Former IBM Chief Dies At 85

The news was first disclosed in a public filing Wednesday by Lexmark, a company spun off from IBM in 1991. Cary had been on the board of Lexington, Ky.-based printer company.

He led the IBM computing giant from 1973 through 1981 as CEO and continued as chairman till 1983, according to IBM's Web site. He retired at 60, per IBM's policy.

Dave Boucher, a 30-year IBM veteran and former vice president, said the former CEO was the driving force behind IBM's entry into the personal computer business.

"Cary was the guy who made the decision for IBM to build its own personal computer rather than go out and take someone else's product into the market," said Boucher.

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Cary, in fact, put together a task force that was charged with formulating IBM's personal computer strategy, agreed long-time IBM watcher and analyst Amy Wohl, president of Wohl Associates, Narberth, Penn.

In 1981, IBM announced its first PC, signaling a shift from its "big iron"-centric roots.

Frank Dzubeck, another IBM pundit, said Cary didn't get nearly enough credit for helping the company navigate the tricky shoals of litigation and anti-trust issues.

"He protected that company from government interference and its technology from competitors," he noted.

People forget that at one time, as the government pursued anti-trust agendas against both IBM and AT&T, "no one was sure that the company would remain intact," said Dzubeck, president of Communications Network Architects, Washington, D.C.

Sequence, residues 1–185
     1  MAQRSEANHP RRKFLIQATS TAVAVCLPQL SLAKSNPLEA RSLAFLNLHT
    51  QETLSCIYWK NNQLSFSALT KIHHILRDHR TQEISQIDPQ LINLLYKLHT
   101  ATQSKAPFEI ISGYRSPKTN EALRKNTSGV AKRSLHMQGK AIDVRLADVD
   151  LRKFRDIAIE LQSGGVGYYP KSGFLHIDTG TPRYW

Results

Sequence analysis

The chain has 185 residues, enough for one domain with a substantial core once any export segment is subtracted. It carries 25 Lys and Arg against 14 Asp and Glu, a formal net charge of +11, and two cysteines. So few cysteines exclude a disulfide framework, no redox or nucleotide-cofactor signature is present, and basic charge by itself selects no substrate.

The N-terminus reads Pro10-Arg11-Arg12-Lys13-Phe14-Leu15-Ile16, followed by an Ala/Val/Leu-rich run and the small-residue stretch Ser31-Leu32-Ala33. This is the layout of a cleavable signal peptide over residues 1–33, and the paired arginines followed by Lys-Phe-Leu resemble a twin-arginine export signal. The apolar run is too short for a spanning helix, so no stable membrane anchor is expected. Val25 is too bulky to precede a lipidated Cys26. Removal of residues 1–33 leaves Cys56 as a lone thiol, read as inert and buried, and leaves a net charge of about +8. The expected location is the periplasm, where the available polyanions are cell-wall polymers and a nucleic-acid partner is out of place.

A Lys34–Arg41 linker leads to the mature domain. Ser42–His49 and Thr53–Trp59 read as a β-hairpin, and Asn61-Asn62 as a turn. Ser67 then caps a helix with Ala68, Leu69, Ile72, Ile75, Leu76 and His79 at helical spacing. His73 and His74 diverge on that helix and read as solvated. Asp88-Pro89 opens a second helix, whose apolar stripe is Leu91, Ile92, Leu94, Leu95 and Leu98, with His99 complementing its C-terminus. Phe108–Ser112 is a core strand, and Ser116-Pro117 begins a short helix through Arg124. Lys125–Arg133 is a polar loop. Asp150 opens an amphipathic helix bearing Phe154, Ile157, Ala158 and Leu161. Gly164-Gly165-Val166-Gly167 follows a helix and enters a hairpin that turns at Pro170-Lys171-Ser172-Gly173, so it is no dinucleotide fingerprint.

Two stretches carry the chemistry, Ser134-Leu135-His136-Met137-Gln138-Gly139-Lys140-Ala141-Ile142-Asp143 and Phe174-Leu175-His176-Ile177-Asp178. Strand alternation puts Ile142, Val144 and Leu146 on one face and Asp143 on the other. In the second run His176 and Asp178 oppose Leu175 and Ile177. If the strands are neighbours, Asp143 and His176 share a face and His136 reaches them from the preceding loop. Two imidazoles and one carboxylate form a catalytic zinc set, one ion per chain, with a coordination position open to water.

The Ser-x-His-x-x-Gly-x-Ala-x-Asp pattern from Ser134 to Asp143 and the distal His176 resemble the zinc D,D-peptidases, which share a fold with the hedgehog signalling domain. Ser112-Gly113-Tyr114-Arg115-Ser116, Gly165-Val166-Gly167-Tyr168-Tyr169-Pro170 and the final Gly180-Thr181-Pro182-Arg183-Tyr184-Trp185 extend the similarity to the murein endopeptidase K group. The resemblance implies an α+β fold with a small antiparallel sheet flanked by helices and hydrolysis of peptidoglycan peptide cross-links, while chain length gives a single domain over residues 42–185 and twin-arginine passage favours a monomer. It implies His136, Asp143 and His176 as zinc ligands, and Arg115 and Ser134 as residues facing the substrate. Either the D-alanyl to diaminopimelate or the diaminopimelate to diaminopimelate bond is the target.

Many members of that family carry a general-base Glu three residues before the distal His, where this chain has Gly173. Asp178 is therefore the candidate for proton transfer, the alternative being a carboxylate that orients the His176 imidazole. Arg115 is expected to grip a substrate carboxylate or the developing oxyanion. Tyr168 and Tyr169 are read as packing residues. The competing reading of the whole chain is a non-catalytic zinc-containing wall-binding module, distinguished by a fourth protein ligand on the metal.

Boucher also recalls his own father, who worked at IBM for 33 years, speaking fondly of Cary. "My dad spoke reverently of Cary and what a great guy he was," he said. "Cary always had a huge smile on his face. He was tough, very smart and just a great guy."

Cary also helped found the National Action Council for Minorities in Engineering (NACME), in the early 1970s. Besides his board work for Lexmark, Cary was also chairman fo Celgene, a biotech company from 1986 to 1990, according to an IBM spokesman.

Cary, born in Idaho and brought up in Inglewood, Calif., attended UCLA and got a masters degree in business administration from Stanford. He joined IBM in 1948 as a marketing rep in Los Anglees and was named president of the Data Processing Division in 1964, according to IBM's bio.

After stepping down as chairman, he remained on IBM's board until 1991.

Cary apparently died at home in Darien, Conn. No other details were available.

During his tenure, IBM faced major anti-trust battles with the U.S. Department of Justice and fought off incursions by Japanese companies into its bread-and-butter mainframe turf.

Wohl said Cary was the bridge between the early IBM, as headed by Thomas Watson and his son, and a modern era of corporate management.

Cary was succeeded as CEO, then chairman, by John Opel.

This story was updated Friday morning with additional comment.